A translator’s aim is that their text should not be identifiable as having been translated (unless an explicitly literal translation is requested). In addition to the self-explanatory avoidance of unusual collocations and unwanted nuance, the translator must prioritise clarity as it is expressed in the target language, and must equally consider the cohesive elements of the text, ensuring that the translation conforms to the target language’s norms for style and textual structure. The new readership must be considered at every turn, and the intention for the translation is paramount, as the text must be shaped according to these parameters; such is the case for subtitling, for example, where sentence length is critical.
Beyond these key points, the translation of a text involves transferring the essence of a text from its author’s language into another language. Each language brings its own priorities, its own culture and individual nuances to every text. The translator’s task is to understand these deeper levels of textual nuance within the text, and transfer its vital elements across into the target language. Above all, the translator must hold in mind the client’s priorities for the new text: in the majority of cases, the effect on the new readership should replicate the effect the original text has its own readership, although this is not always the case. However, the translator is crafting a text which now needs to fit seamlessly into a new culture, and as such, they must be perceptive to any potential language pitfalls that may arise due to differing cultural backgrounds.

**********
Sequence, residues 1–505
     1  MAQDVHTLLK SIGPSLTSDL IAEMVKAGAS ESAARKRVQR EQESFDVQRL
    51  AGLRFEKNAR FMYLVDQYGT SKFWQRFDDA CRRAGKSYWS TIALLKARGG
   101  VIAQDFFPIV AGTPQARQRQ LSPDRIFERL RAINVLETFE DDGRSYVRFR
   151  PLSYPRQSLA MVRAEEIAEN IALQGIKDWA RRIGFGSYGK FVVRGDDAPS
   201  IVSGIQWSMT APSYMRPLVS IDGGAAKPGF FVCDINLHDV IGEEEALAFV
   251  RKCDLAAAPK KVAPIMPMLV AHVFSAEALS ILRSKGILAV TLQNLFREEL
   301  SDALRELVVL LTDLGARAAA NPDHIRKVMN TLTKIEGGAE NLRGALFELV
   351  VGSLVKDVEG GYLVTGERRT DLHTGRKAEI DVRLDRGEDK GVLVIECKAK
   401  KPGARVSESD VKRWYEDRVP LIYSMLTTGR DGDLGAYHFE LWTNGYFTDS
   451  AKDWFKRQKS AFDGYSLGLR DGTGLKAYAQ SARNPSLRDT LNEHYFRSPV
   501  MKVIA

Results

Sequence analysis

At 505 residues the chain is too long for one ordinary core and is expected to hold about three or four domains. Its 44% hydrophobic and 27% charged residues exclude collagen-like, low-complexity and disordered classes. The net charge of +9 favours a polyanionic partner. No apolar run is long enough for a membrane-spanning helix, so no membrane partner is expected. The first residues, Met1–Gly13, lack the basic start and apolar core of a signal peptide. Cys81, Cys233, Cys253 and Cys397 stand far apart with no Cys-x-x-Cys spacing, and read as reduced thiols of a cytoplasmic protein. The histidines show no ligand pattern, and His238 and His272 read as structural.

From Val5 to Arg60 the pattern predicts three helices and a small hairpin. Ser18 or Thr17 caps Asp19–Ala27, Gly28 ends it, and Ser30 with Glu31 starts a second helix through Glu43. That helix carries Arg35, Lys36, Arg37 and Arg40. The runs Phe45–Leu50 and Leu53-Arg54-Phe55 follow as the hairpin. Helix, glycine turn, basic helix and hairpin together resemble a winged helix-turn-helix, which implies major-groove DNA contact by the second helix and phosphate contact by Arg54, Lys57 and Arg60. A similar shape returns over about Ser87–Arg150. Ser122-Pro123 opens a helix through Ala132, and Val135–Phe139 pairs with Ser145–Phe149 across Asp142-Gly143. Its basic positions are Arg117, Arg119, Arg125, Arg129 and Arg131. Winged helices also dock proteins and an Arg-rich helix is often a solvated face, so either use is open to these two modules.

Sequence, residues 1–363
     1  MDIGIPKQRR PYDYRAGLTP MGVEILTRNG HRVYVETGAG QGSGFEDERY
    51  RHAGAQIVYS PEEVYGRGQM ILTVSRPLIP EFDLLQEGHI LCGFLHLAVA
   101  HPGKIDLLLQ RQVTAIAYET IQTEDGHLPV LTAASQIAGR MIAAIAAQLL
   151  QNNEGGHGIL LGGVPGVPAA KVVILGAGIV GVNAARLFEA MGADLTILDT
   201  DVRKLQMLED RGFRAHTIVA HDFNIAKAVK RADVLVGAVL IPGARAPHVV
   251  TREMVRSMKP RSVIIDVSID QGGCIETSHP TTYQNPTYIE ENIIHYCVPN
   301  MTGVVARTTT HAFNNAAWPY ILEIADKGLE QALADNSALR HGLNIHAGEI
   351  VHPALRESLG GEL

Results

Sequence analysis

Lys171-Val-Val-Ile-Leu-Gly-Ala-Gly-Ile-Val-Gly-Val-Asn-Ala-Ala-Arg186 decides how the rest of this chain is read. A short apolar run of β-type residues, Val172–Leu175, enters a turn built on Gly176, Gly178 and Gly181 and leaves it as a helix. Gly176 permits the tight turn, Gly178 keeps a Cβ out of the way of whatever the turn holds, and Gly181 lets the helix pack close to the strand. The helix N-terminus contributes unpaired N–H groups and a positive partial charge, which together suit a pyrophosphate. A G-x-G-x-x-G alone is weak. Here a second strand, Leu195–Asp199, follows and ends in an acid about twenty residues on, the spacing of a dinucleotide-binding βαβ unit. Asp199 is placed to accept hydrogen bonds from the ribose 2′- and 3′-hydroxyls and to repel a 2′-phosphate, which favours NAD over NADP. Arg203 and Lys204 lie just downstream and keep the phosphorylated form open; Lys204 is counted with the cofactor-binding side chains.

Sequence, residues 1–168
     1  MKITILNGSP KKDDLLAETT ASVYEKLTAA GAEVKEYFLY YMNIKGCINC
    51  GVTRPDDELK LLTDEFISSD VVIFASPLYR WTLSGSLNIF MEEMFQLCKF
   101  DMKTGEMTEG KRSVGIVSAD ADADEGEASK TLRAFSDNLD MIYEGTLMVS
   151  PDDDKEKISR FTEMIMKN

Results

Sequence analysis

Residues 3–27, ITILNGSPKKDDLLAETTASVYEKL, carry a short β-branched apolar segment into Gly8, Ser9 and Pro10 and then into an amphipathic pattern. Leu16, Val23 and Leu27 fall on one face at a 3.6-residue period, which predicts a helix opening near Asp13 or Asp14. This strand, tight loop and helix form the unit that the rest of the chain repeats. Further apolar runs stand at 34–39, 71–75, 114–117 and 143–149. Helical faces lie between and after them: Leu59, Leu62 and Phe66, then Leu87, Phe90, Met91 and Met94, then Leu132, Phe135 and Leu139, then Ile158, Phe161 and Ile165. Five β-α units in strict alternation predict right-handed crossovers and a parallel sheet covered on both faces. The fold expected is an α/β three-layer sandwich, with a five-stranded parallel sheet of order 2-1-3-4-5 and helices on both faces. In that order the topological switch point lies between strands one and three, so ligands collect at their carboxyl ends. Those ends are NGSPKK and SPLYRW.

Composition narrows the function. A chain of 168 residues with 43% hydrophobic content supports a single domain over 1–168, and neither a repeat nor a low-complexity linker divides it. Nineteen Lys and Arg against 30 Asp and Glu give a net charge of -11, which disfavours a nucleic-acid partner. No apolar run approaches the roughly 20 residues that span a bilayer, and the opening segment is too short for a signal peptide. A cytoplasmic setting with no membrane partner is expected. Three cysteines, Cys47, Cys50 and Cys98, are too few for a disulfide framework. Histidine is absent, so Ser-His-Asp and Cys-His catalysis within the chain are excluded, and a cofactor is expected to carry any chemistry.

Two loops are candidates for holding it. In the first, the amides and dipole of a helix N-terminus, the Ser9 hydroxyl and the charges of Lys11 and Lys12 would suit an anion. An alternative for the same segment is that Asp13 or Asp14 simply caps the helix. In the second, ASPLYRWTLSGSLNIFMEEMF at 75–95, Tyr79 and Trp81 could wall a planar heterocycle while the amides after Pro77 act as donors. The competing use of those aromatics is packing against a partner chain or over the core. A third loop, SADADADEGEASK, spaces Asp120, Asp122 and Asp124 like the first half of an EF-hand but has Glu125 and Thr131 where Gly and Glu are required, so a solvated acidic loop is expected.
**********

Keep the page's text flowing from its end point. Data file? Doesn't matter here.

Consideration of these factors illustrates the value of using a human translator. Automated machine translation is (at present) unable to comprehend the effect of a text on its human reader, and cannot grasp the weight of culture and life experience that informs the reader’s understanding of a text. The nuances and the emotion connection of the reader are especially important factors for literary translations, where the crafting of the language, its subtleties and sub-texts offers as much to the reader as the meaning of the words themselves.